Home > Media > Richard Fisher: The Most Dangerous Trend in the Church Today

Richard Fisher: The Most Dangerous Trend in the Church Today

The second Saturday speaker at the Discern 2010 conference at Calvary Santa Fe was G. Richard Fisher, board member of Personal Freedom Outreach [link] and former pastor of Laurelton Park Baptist Church in Bricktown, New Jersey. His topic was “The Most Dangerous Trend in the Church Today” [mp3|stream]. This was an excerpt or reworking or something of his Quarterly Journal Volume 26, Number 3 article “You Lose! The Detrimental Effects of the Decline of Doctrine” [journal index PDF]. Unfortunately issues of The Quarterly Journal itself are not available online.

As I have mentioned earlier, talks at this conference were at different points on a continuum from a lecture to a sermon; this was one of the most sermon-like talks. A casual reader of the conference schedule would have had no idea from reading the title of Fisher’s talk what it was about: in his opinion there is more than one dangerous trend at work in the Church today, and this unnamed trend is the most dangerous, but the title gives no clue as to what it is.

It turns out the most dangerous trend is the decline of doctrine. Or possibly the decline of discernment. Or maybe the emerging/emergent church. It wasn’t clear from what Fisher said whether these three things were the same thing or different things. Whatever it is, it is more dangerous than any of the alternatives he named: prayerlessness, materialism, pornography, and decadent worldiness. I really don’t know how one decides what is or isn’t a trend in the church (is “hipster Christianity” a trend? Church foreclosures? Casual dress? etc.), much less how one measures the relative danger of a given trend. I didn’t get the impression that Fisher actually meant what he said that way: what he meant was “doctrine is important.” Although it wasn’t really clear which doctrines. Or whether what was important was the production of new doctrines, the expression and application of accepted doctrines in new ways, or just the acceptance and defense of established historical doctrines.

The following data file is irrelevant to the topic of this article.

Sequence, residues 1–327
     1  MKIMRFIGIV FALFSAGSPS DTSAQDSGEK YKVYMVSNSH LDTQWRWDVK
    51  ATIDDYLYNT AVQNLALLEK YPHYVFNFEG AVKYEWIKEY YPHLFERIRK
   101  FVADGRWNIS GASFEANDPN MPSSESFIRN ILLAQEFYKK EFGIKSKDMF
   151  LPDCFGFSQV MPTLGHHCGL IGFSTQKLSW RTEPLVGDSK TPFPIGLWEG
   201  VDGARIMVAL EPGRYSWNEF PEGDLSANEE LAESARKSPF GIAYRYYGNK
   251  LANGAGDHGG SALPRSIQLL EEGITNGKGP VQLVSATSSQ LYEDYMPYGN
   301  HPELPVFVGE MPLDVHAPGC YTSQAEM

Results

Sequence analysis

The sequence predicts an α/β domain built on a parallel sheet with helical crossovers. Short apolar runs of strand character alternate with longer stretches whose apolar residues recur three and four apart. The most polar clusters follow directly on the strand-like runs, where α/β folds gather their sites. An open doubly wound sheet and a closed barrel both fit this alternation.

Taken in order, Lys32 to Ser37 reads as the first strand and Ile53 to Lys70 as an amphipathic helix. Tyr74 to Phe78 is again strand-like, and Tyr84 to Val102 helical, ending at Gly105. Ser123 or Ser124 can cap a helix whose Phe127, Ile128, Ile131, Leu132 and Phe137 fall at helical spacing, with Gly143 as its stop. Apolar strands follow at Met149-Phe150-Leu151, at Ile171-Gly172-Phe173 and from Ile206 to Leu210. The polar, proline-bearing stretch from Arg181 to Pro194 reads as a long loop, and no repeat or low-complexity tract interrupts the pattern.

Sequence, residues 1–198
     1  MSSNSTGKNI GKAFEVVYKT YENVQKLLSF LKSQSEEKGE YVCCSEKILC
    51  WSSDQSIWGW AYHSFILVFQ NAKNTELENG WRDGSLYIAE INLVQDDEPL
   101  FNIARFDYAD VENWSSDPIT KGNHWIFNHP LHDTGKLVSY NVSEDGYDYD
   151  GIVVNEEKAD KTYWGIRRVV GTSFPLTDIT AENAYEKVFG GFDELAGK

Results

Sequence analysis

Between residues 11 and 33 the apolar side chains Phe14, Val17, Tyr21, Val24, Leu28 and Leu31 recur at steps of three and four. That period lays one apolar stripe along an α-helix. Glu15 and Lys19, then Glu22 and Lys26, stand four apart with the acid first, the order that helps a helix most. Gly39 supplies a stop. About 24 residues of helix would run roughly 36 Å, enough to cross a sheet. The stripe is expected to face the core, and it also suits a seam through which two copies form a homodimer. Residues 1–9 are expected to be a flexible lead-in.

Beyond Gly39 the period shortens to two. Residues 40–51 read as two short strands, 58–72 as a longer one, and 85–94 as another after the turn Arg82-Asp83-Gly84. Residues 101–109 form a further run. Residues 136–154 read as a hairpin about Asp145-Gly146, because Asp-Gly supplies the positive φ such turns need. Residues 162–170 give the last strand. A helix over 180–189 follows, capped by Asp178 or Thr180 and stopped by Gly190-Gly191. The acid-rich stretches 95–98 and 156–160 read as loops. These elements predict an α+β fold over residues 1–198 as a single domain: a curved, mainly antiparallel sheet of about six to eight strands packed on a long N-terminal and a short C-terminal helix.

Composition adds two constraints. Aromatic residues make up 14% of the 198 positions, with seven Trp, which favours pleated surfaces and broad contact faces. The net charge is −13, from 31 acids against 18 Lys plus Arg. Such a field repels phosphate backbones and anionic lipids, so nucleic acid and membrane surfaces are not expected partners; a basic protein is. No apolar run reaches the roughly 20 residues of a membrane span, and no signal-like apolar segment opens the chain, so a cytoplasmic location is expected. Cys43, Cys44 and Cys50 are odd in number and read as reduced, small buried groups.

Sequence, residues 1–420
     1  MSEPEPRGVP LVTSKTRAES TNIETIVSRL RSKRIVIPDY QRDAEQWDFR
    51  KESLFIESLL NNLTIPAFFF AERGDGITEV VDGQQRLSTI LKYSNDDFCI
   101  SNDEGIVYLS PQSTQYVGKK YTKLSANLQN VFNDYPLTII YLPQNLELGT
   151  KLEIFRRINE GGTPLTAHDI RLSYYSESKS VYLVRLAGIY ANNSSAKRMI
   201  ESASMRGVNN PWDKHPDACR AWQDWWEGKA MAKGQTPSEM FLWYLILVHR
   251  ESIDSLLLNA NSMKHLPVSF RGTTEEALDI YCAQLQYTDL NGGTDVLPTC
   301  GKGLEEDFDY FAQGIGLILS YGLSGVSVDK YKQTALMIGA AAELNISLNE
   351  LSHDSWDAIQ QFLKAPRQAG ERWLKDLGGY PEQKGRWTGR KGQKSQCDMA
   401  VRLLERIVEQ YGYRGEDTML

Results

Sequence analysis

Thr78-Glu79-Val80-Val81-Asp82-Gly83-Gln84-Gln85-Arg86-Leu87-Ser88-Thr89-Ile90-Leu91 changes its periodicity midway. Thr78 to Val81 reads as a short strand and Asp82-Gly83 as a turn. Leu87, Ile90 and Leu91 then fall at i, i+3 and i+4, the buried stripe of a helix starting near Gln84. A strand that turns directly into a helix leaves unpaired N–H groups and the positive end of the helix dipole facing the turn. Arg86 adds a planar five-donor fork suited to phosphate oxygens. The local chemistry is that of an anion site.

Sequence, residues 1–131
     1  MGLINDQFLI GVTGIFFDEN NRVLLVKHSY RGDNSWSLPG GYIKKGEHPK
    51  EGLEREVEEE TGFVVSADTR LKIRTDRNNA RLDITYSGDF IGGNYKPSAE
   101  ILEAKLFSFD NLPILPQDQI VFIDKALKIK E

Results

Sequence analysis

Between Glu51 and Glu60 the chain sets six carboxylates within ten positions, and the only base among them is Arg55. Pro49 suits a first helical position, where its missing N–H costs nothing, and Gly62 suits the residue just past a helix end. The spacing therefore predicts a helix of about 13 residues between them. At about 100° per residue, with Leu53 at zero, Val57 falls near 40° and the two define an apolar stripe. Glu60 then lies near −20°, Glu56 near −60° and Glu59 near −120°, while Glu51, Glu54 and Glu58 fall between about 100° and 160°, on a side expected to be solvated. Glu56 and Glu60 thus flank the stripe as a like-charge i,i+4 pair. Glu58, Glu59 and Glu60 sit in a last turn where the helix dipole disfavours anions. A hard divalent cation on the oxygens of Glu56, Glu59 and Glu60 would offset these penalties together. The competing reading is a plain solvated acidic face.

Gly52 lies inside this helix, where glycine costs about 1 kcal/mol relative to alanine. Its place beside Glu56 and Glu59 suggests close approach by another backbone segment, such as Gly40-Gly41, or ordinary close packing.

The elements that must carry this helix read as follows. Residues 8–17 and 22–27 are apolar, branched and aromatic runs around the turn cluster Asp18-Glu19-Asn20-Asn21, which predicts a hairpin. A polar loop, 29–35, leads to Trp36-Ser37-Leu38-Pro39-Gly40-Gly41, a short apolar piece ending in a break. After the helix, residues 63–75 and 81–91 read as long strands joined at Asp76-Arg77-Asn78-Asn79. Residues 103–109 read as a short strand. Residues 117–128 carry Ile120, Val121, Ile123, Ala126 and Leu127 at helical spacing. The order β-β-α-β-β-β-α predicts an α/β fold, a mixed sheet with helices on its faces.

I have been grappling with the lecture/sermon distinction lately, trying to find a way to describe what really distinguishes one from the other, and why one is to be preferred over the other. I think the distinguishing characteristics are these:

  • Linearity: does the speaker lay out a series of points that follow one from another? Does he connect the points for his audience?
  • Authority: does the true-ness of the discussion lie in the facts presented? In the speaker? In some unquestionable external source? Does the speaker use Scripture to bolster his points? Or does he read verses of Scripture in context and see what they have to say first?
  • Argumentation: does the speaker rely on formal or informal fallacies to make his points? Does the speaker feel the need to remind his audience that he and they are on the same side against some common enemy?
  • Relevance: does the speaker pepper his presentation with possibly amusing but not necessarily relevant stores?
  • Literality: how literally can you take what the speaker is saying? Do you have to agree with him regarding the interpretation of a metaphor for his presentation to make sense?

I’m inclined to see these two extremes as being part of different schools, or from different periods in Church history. At the risk of being heavy-handed, I tend to see the sermon presentations as being premodern and the lectures as being modern: the lecture trusts the listener to think for himself (sometimes a little, sometimes a lot) while the sermon will do almost anything to persuade the listener to believe, preferably without thinking anything that might clutter neat agreement.

I think it would be helpful to listen to Fisher’s presentation back-to-back with either of the opening arguments from the White-Sungenis predestination debate. By comparison Fisher is dogmatic and seems almost incoherent.

  1. No comments yet.
  1. No trackbacks yet.

Leave a Reply

Fill in your details below or click an icon to log in:

WordPress.com Logo

You are commenting using your WordPress.com account. Log Out /  Change )

Google+ photo

You are commenting using your Google+ account. Log Out /  Change )

Twitter picture

You are commenting using your Twitter account. Log Out /  Change )

Facebook photo

You are commenting using your Facebook account. Log Out /  Change )


Connecting to %s

%d bloggers like this: